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Micro Entities

Will Rogers

"Income tax has made liars out of more Americans than golf."

What is a Micro-Entity?

UK company law has introduced a new sub-classification of small companies - known as a ‘micro-entity’. This followed an EU initiative to reduce costs for small and medium-size enterprises.

Micro-entity reporting exemptions are available to the smallest companies.

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Do you need help with any of the issues discussed on this page?

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What qualifies as a Micro-Entity?

To file accounts as a micro-entity, a company must meet at least two of the three following conditions:

     ➣  turnover not more than £632,000

     ➣  balance sheet total not more than £316,000

     ➣  average number of employees not more than 10

Are there any exclusions?

Yes. if a company is a PLC, a company carrying on an insurance market activity, an ineligible financial services company or a member of an ineligible group, it will fail to qualify for micro entity reporting.

In groups of companies, micro entity reporting is not available where the company is a parent company preparing group accounts or where a subsidiary that is included in consolidated group accounts.

Investment companies, financial holding companies, credit institutions, insurance undertakings and charities are also ineligible.

What are the differences in reporting?

The filing requirements remain the same as for small companies.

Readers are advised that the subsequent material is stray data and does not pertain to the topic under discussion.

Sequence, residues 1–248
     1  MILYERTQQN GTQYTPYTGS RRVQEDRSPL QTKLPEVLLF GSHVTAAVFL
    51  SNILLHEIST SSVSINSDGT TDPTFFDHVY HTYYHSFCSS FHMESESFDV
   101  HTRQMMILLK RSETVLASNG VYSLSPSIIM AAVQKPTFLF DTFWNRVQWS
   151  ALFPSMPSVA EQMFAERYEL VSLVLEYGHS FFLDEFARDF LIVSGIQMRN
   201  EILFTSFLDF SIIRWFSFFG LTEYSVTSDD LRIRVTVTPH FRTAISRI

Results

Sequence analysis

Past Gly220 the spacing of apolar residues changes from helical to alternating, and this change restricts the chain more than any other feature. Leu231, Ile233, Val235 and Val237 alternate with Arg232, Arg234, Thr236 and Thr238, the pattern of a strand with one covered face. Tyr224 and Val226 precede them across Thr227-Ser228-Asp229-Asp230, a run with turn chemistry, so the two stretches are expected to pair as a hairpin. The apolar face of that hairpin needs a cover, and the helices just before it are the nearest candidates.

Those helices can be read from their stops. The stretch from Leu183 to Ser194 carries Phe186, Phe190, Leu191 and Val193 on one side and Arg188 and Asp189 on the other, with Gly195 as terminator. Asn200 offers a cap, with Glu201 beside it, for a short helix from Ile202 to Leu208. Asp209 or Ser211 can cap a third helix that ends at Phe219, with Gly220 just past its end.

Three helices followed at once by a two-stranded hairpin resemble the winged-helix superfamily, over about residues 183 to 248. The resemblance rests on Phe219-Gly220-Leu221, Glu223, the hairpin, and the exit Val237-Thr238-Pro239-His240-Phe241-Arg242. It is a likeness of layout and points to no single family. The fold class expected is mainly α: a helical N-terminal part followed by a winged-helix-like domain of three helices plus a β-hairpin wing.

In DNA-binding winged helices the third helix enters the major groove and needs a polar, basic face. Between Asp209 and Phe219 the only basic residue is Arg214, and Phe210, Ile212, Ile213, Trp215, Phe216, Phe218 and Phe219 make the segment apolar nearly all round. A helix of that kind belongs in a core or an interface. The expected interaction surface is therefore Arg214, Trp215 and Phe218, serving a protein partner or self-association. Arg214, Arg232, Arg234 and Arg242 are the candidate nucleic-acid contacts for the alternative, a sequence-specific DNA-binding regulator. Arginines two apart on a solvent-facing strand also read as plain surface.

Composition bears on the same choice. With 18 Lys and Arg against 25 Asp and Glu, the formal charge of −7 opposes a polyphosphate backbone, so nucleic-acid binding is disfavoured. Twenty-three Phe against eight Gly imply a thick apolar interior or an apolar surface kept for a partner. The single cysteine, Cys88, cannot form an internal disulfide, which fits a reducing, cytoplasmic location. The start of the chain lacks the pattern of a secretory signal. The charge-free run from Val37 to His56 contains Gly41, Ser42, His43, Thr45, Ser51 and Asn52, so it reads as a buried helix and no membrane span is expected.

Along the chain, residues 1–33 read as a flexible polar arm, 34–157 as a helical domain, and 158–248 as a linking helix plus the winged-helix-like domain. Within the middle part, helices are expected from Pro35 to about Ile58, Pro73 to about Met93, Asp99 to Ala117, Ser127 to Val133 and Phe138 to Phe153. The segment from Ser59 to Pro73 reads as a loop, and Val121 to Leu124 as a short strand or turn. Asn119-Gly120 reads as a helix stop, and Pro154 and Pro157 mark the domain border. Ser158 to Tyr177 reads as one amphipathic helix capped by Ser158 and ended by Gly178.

The accounts are presumed to give a true and fair view. The accounts must be prepared in accordance with generally accepted accounting principles and practice.

Will Micro Entity reporting reduce accountant fees?

Accountants are required to undertake the same work they have always had to do in order to comply with the Companies Act requirements, accounting and financial standards and the requirements of professional and governing bodies.

The only difference is in the presentation of the accounts which is simplified.

HM Revenue & Customs still require accounts information in a full and detailed format.

If there is no cost saving, what is the benefit?

When the concept of micro-entities was first introduced, the Department for Business Innovation & Skills said :

“A key feature of the Micros Directive is that it provides the smallest companies with the opportunity to prepare and publish simplified financial statements (profit and loss account; and balance sheet) if they wish. A significant number of UK companies may benefit from this exemption.”

So, a company can choose to present public information in a slightly simplified manner. That’s it. What the actual benefit might be is for the company to decide.

Is there a tax advantage?

In some cases preparing micro-entity accounts can lead to a change in taxable profit if the accounting policies applied are different from those normally required. This could lead to a different taxable profit for corporation tax.

Most micro-entities will not have any tax implications.